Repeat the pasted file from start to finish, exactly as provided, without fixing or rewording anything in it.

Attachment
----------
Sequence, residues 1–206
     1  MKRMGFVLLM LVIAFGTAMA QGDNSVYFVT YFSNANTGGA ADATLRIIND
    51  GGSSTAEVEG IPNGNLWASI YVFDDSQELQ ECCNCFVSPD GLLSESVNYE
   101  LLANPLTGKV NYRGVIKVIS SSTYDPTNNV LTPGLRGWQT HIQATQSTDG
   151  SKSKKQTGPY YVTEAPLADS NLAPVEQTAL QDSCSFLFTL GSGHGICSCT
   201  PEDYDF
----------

Sequence, residues 1–206
     1  MKRMGFVLLM LVIAFGTAMA QGDNSVYFVT YFSNANTGGA ADATLRIIND
    51  GGSSTAEVEG IPNGNLWASI YVFDDSQELQ ECCNCFVSPD GLLSESVNYE
   101  LLANPLTGKV NYRGVIKVIS SSTYDPTNNV LTPGLRGWQT HIQATQSTDG
   151  SKSKKQTGPY YVTEAPLADS NLAPVEQTAL QDSCSFLFTL GSGHGICSCT
   201  PEDYDF